• Vulnerable groups, like elderly people, refugees, children. 

A Canadian colleague wrote: ‘Like many others at the present time, I am quite consumed with the effects the COVID-19 is having. Yet, I am mostly worried about the life of many vulnerable groups. At this time in particular, I am concerned about those individuals who depend on informal care for their day to day living and dignity, especially the case of older adults in assisted care who are in a lockdown housing complex.’ ‘I would hope that one of the areas to examine would be the right to have access to professional psychological support during this type of crisis. Given some of our (Lynne Gouliquer and I’s) recent research with ageing people, on the one hand, and with informal care givers on the other, when I voice my concern, it is about these two groups that I am thinking, but there are many others (e.g., individuals living in refugee camps, survivors of floods or earth quake). It seems to me that there is a lot to do on these fronts, especially as demographics of our population ages’

1 Comment

  1. I agree that special populations like the elderly, special needs people including those with intellectual challenges need concrete and specific arrangements if COVID 19 is to be controlled. No stone should be left unturned.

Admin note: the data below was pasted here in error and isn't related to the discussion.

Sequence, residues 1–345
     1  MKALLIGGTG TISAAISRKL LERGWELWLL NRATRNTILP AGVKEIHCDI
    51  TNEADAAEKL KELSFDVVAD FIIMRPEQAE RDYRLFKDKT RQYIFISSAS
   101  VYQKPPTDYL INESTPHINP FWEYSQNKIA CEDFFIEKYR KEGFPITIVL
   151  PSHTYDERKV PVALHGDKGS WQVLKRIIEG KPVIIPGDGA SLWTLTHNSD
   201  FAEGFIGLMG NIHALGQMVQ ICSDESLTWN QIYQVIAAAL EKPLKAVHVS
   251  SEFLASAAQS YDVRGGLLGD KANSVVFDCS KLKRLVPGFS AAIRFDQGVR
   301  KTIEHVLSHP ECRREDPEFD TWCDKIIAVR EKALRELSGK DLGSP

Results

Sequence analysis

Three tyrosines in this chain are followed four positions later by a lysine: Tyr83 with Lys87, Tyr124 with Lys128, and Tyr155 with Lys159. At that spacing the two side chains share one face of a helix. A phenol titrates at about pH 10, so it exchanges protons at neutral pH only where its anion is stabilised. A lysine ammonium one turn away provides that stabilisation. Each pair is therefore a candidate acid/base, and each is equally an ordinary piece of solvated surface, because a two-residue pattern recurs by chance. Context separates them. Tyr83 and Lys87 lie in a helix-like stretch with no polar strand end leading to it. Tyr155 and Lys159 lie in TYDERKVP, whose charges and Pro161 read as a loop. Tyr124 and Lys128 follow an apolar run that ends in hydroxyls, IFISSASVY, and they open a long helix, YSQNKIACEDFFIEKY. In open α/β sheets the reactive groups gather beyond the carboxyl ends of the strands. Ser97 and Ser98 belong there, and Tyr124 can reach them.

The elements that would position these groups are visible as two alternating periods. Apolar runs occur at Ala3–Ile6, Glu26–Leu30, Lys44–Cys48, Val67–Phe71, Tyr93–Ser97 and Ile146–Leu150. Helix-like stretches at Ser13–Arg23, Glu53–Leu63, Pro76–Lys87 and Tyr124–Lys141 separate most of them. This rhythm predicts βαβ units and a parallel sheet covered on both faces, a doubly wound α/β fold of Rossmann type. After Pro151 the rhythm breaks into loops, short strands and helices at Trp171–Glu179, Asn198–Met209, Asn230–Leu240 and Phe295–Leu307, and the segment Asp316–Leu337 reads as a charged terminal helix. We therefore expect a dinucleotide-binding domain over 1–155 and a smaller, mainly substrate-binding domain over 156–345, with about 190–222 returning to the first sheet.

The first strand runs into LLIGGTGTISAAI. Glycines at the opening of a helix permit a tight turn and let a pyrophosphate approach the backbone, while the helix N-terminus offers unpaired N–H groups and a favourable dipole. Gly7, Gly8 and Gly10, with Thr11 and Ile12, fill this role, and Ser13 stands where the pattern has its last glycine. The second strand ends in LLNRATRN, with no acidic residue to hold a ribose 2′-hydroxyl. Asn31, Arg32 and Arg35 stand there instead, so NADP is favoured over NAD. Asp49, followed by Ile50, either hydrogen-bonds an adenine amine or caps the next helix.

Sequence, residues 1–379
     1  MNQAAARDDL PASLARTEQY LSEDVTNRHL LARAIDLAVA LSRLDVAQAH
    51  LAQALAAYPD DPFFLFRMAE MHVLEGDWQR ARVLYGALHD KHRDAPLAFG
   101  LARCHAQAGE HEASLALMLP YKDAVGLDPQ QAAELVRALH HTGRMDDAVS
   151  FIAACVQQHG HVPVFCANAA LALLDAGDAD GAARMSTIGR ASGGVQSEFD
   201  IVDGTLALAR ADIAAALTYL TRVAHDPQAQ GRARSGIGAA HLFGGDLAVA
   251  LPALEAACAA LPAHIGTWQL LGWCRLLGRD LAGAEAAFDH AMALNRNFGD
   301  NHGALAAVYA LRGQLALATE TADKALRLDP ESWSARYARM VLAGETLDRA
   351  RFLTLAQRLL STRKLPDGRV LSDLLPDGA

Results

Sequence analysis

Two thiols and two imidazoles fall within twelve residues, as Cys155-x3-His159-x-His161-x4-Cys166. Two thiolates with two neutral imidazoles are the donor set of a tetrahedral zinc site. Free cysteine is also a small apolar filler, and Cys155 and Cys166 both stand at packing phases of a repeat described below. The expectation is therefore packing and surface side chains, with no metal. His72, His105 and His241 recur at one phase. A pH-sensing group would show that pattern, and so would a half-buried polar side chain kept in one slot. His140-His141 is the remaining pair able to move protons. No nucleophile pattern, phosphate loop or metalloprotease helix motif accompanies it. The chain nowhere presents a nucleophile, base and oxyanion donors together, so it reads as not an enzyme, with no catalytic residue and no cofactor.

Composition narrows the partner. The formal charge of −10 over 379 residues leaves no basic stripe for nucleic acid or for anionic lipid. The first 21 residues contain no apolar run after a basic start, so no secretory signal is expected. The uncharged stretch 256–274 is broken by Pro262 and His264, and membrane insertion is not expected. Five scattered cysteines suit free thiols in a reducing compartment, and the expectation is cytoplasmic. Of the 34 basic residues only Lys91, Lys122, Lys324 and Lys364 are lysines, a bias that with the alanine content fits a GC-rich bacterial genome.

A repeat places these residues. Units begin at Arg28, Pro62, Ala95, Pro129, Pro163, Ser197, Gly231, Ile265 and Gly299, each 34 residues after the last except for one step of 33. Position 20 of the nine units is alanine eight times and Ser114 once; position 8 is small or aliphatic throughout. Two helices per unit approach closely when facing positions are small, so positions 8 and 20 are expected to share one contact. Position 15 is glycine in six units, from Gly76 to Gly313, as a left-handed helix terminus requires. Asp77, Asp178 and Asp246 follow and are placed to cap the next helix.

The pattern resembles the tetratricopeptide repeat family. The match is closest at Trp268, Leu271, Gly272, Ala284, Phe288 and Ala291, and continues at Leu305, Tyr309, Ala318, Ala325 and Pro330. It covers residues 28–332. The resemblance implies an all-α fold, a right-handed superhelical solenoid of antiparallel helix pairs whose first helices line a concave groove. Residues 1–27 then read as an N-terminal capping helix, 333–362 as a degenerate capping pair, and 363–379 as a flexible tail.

Apart from the foregoing, very poor and almost excluded populations, migrants especially those without full residence status and who may not have access to state provisions come to focus now. In defence of our common humanity, governments around the globe may consider the extension of protection through special provisions for needed seevices to these populations. Psychosocial support and medical services are critical to their survival. Psychology Associations in various countries can develop unique protocol to plan for volunteers to respond and protect.

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